For many people, the 401(k) plan is the nest egg that holds the funds for the retirement of their dreams. However, it may come as a surprise to many people that unlike their bank accounts, the value of their 401(k) plan usually isn't backed by insurance. The Federal Deposit Insurance Corporation only covers deposit accounts, like savings accounts and certificates of deposit. That means that if your 401(k) is invested in stocks, bonds or mutual funds, you're not covered against those investments losing value.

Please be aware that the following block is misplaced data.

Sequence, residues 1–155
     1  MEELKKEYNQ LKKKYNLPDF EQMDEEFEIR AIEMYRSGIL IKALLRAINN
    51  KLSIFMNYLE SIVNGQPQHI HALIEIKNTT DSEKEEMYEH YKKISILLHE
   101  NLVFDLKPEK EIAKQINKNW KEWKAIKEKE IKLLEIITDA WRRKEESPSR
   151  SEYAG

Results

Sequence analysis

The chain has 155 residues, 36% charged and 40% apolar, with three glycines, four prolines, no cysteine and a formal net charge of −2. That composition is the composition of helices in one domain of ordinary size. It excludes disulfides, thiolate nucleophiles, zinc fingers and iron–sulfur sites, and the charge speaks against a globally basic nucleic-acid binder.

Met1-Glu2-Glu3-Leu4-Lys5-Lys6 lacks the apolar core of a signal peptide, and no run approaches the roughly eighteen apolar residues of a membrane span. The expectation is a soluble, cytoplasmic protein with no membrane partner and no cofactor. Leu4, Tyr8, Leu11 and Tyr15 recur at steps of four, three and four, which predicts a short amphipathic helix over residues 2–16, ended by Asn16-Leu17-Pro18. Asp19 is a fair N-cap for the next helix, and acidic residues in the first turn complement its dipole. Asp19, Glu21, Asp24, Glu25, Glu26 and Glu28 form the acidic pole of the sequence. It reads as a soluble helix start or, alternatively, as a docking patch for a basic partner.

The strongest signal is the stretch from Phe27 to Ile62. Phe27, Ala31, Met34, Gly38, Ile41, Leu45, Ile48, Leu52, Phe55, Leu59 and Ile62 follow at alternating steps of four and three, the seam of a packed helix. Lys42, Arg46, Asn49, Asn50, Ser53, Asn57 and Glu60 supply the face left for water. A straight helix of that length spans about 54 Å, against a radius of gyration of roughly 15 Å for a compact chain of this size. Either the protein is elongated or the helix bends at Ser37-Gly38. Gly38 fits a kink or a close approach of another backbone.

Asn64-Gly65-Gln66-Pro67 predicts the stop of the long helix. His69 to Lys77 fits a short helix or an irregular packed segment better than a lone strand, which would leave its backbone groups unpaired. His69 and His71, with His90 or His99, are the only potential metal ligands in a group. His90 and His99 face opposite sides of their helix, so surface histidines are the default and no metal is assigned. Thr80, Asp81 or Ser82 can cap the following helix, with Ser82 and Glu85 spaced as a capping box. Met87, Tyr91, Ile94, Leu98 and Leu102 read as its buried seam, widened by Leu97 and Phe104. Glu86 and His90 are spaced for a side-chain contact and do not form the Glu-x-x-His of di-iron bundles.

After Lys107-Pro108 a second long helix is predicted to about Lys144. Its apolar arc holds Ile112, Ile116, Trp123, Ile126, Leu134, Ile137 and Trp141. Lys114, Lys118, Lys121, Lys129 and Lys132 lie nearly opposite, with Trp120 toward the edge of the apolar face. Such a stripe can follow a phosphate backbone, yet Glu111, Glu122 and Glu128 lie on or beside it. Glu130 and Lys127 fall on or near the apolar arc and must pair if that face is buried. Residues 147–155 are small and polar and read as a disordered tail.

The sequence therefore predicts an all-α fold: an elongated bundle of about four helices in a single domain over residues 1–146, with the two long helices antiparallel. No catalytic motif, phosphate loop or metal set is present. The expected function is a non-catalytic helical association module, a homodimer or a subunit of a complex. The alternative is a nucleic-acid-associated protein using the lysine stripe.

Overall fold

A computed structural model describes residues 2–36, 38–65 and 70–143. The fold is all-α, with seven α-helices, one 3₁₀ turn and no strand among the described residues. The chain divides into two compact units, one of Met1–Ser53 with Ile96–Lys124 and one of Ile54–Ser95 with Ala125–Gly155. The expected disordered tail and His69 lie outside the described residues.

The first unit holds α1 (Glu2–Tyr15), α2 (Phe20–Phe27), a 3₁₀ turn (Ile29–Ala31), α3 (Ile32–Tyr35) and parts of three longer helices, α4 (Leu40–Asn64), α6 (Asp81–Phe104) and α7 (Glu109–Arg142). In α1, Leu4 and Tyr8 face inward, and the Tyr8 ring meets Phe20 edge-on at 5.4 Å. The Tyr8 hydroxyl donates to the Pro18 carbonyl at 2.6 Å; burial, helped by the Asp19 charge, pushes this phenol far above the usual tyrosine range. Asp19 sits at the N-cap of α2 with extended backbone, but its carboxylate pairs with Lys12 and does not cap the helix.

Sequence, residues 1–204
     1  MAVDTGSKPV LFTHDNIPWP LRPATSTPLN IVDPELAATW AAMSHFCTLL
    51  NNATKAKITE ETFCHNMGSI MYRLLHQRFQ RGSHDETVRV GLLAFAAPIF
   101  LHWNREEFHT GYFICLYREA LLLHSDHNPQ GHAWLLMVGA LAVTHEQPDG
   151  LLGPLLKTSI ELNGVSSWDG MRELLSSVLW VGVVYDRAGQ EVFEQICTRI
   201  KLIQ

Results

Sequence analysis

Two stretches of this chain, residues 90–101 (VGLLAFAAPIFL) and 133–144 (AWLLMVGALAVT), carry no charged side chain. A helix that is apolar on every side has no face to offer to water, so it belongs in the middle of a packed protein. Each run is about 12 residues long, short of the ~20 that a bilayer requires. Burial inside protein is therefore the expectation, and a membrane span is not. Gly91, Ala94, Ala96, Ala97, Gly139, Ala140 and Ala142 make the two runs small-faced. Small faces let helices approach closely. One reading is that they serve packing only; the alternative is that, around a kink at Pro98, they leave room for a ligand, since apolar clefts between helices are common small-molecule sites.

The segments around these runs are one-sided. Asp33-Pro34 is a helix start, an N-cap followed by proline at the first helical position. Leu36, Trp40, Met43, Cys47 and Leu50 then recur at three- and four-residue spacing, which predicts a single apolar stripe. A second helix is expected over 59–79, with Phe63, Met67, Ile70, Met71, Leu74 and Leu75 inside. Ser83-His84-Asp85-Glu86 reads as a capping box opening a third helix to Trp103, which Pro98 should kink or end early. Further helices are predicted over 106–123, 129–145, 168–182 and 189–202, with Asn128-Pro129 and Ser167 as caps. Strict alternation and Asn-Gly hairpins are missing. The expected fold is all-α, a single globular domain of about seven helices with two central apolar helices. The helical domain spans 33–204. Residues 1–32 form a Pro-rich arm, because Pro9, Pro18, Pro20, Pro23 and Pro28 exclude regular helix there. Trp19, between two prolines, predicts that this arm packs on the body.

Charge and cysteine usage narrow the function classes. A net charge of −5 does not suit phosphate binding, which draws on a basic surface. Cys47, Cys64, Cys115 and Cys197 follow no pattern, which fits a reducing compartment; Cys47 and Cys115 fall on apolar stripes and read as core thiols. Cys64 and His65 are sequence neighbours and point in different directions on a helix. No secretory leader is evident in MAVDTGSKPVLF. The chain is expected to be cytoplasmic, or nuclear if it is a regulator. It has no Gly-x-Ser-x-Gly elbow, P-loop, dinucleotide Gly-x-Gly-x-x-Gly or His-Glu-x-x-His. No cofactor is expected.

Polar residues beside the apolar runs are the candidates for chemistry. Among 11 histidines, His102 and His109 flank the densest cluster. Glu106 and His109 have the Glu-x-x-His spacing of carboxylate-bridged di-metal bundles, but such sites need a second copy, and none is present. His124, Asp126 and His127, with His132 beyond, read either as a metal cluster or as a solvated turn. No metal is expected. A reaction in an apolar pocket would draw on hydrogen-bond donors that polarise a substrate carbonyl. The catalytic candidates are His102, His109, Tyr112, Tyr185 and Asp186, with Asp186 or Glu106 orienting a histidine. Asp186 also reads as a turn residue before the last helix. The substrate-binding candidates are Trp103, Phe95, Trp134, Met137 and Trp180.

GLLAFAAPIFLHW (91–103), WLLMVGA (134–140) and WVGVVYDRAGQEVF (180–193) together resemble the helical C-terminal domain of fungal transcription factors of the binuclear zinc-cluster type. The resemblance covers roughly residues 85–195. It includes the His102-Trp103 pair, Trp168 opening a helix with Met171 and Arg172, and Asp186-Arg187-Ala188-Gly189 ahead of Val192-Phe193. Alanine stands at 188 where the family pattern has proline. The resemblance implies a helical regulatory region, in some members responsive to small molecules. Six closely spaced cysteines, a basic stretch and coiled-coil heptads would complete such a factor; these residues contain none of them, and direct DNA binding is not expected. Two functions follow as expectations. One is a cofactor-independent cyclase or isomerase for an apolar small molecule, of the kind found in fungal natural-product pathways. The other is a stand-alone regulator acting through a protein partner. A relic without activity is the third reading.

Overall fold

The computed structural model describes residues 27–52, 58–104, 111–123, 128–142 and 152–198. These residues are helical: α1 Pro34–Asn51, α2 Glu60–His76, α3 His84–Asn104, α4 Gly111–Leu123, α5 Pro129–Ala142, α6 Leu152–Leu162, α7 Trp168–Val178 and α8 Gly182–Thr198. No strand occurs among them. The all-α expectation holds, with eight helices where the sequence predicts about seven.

FDIC Insurance Limits
If you do have money in your 401(k) invested in deposit accounts, it's only covered by the FDIC up to the maximum coverage limits. As of 2014, the FDIC covers up to $250,000 per person, per bank, per account category. Retirement accounts are a separate category, so any money you have with the same bank in a checking account, savings account or other personal account won't count against that limit.
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